Re: [gardeners] Winter storm in Rochester (
Sat, 16 Jan 1999 20:03:57 -0500

At 07:08 AM 17-01-99 +1300, you wrote:
>Snow pollution in the lake!!!
>What happens when the snow melts naturally, doesn't it run off to 
>the lake and pollute it anyway? Sounds like environmentalism gone 
>mad to me. Or maybe I am in which case I plead ignorance of snow 
>conditions. Does anyone have solid information on the extra 
>pollution risk here? Bill?

The snow cleared and in need of dumping would be laced with oil, gas, road
debris, salt, chemical de-icer, etc. which would have been scooped up from
the road.  At least normal melting snow (some of it very clean) would not
dump excessive amounts of this stuff into the lakes in one fell swoop -- I
think the lakes can handle chemicals ok if they get them bit by bit.  Erie,
one of the Great Lakes has regenerated itself since several factories were
told to stop dumping and now has edible fish in it again.  I am afraid I
can't give you precise quantities but I know that's roughly how it works.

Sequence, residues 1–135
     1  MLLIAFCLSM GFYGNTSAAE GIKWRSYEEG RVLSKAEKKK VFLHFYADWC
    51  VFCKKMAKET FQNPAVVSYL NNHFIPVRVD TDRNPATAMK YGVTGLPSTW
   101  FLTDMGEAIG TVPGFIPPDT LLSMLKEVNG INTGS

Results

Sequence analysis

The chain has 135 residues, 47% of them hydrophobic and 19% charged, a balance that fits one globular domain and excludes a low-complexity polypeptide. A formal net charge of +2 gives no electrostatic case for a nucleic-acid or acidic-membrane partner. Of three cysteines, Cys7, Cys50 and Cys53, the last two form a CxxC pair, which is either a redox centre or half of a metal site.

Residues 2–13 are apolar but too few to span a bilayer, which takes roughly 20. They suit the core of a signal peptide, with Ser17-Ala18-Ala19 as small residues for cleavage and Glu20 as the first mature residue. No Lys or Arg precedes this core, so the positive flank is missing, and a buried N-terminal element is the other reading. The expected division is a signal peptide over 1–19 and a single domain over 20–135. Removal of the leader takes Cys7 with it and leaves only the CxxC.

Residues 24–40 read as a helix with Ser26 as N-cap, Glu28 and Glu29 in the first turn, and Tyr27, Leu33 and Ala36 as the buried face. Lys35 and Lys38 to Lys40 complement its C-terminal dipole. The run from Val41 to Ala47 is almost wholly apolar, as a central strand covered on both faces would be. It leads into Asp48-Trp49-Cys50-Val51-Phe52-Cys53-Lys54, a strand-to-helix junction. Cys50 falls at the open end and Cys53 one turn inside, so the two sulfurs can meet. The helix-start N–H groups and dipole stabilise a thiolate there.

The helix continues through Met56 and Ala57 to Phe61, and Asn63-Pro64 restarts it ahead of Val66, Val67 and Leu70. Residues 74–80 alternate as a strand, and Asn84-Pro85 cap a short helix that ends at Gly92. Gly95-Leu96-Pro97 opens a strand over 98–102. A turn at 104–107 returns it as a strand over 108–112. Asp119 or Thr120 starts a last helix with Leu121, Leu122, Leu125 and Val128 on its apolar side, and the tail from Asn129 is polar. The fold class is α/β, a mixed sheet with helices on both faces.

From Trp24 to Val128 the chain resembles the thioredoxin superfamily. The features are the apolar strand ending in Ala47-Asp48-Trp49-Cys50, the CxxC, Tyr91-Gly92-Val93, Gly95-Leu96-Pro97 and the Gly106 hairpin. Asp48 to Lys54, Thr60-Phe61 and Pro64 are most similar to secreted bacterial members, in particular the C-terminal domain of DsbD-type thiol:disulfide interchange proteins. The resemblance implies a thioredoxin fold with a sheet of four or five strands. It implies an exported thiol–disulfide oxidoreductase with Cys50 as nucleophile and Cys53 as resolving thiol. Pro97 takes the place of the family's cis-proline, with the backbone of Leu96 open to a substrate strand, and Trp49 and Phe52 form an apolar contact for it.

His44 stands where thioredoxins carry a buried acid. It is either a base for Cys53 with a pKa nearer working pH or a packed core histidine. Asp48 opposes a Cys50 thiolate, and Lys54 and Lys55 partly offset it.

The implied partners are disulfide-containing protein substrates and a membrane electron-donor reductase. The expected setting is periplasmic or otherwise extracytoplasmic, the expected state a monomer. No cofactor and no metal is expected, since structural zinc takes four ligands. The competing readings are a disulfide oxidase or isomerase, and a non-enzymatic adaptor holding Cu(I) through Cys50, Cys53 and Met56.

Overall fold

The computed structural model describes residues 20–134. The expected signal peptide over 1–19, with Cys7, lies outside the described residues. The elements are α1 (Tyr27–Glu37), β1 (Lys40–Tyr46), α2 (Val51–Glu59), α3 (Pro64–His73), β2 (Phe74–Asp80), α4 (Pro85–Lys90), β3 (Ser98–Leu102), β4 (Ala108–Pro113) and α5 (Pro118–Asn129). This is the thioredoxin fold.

Lucinda, Canada

>Terry Dowdeswell
>18 Henderson Ave
>Tuakau, New Zealand
>Average daily maximum  above 20degC for 5-6 months
>Average monthly maximum above 25degC for 4 months
>Average daily maximum always above14degC
>Average daily minimum never below 7.8degC
>1-10 ground frosts per year, almost no air frost
>Rainfall mean july 135mils, Jan 70mils, annual 1185mils
>> Jill, that makes complete sense -- just the little that the 
>> local snow plows shove up on our lawns indicates that dumping
>> in Lake Ontario would polute. We've had a car parked at the
>> top of the driveway for 48 hrs now, just in case of emergency -- 
>> and the snow plow came through to scrape the icey slush
>> aside 'round about 7:00am, flinging it up all over the windshield
>> and hood of the car! Obviously we can't hose it down until the
>> weather improves.. but that salt and sand corrodes. 
>> Penny, NY  
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